Joe Cooke tries to stay optimistic. “Otherwise,” he says, “it would be hard to motivate myself.”
He’s not talking about his prospects of becoming a regular first-team player in Glamorgan’s middle class, or his ambition to play for England – although both are important to him.
Instead, he thinks on a larger scale, perhaps the largest of all. What he is thinking about is the climate crisis.
Glamorgan’s Joe Cooke spends up to 10 hours a week volunteering for Friends of the Earth
Athletes are often criticized for their lack of backcountry, but no such accusation can be made against Cooke, a 23-year-old with six first-class games to his credit and a science degree from Durham University.
He spends up to 10 hours a week volunteering for Friends of the Earth, where he has worked on projects such as trying to convince Welsh supermarkets to put doors on their fridges.
“The fridges consume one percent of all electricity in the UK,” he tells Sportsmail. ‘If they all put a door, we estimate it would save the same energy consumed by 730,000 households per year. But supermarkets are putting it off, fearing they will miss out on impulse purchases. ‘
What, you might ask, does this have to do with cricket? The answer, in a roundabout way, is quite a lot.
During his senior year as a student, Cooke wrote a dissertation on the relationship of sport to climate, reaching conclusions long debated in meteorological circles, but which tend to settle in the drawer of sports administrations that don’t have one. have time for it. or the tendency to look beyond the short term.
Cooke hopes to establish himself as a fixture in the Glamorgan middle-class first-team
“There will be more erratic weather in the UK due to climate change, summer storms and extreme temperatures,” he says. Cricket needs to think about how he can adapt. For example, should there be reservation days? Last summer we saw how a test against Pakistan was almost blurred. ‘
Deviating from a tangent that may be of interest to Joe Root, he cited Reading University research by Manoj Joshi who hypothesized that England is more likely to win in Australia when the Earth is subject to the cooling effects of La Nina.
By contrast, it appears that the only time England has won Down Under during a warm spell from El Nino was during the Bodyline series of 1932-33, when Harold Larwood and Bill Voce took advantage of the rebound brought about by the dry conditions. .
Cooke confirms: ‘I have done a lot of work on how the weather affects England’s results. The main weather aspect for a victory in England was cloud cover. ‘
The batsman also helped forge ties between Glamorgan and Friends of the Earth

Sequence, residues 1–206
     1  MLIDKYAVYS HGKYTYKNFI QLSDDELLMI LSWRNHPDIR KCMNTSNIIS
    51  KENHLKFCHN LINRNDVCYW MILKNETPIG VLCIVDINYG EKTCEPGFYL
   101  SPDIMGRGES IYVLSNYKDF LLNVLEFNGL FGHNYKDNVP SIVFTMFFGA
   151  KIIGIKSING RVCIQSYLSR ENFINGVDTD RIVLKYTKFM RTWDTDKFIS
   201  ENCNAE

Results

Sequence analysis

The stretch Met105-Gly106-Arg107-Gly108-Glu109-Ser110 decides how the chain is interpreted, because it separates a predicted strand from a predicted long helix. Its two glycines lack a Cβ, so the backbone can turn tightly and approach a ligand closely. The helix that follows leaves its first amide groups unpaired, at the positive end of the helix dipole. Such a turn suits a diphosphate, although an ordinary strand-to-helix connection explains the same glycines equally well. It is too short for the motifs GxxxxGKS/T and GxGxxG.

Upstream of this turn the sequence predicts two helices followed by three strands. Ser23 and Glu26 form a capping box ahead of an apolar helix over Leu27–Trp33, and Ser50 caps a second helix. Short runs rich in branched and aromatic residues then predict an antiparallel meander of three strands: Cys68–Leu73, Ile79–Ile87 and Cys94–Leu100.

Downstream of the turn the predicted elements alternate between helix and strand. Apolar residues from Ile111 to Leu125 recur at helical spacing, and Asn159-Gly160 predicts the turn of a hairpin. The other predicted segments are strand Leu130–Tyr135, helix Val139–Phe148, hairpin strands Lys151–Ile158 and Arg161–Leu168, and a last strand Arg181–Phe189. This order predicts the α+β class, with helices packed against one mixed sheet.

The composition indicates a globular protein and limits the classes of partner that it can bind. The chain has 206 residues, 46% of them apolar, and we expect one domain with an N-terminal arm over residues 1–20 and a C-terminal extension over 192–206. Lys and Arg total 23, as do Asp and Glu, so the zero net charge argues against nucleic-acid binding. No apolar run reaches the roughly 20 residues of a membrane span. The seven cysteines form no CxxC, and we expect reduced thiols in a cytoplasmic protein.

Distressingly, meteorologists aren’t sure what conditions will prevail when Root and his team arrive in Australia this winter. Cooke doesn’t want to portray himself as an idealistic eco-warrior who believes the only solution to rising temperatures and sea levels is to overthrow capitalism.
He hopes technology – especially in the field of carbon capture – will play a role, but wants more involvement from his own sport.
“Cricket has a big carbon footprint,” he says. ‘I would like to see cricket talk about it – to say, this is a problem and it will affect our sport. But I understand why athletes don’t want to speak up.
The fear of looking like a hypocrite may hold back some because we can drive a few miles. That can make it difficult for us to preach. People may also worry that they are saying something wrong and that they will be cheated. But the conversation starts with cricket. ‘
The 23-year-old has six first-class competitions to his credit and a degree in natural sciences
That’s not to say that climate change has been a hot topic in the province’s locker rooms so far, but global trends leave little doubt: 2020 was the hottest year on record. The 10 hottest years are all since 2006. Needless to say, no cricket-playing country will be untouched.
Australia has been hit by drought and forest fires, and Bangladesh by rising sea levels, which will also endanger the islands of the Caribbean. Parts of India are in danger of becoming uninhabitable, while Cape Town is facing a water shortage.
Cricket cannot solve the problem itself, but it would be irresponsible not to ask what it could do to help.
“Our generation is certainly more aware of the problem,” says Cooke. “My friends talk about it more than they would have five years ago, and Generation Z – Greta Thunberg and so on – even more.”
Cooke applauds the recycling of plastic pint pots in UK locations and says the ECB is taking sustainability more seriously.
Athletes are often berated for their lack of backcountry, but Cooke cannot be blamed for that
He has also helped forge ties between Glamorgan and Friends of the Earth, and would like to help move up the food chain. “I’m positive about the new-found desire to get things done,” he says. “We just need a little more direction.”
And what about those who argue that the climate debate has become too politicized? Cooke is not buying it. “It’s not a political issue,” he says. “It’s a scientific fact.”
So yes: some early season runs for Glamorgan are his immediate goal. But Cooke has cricket squarely in perspective.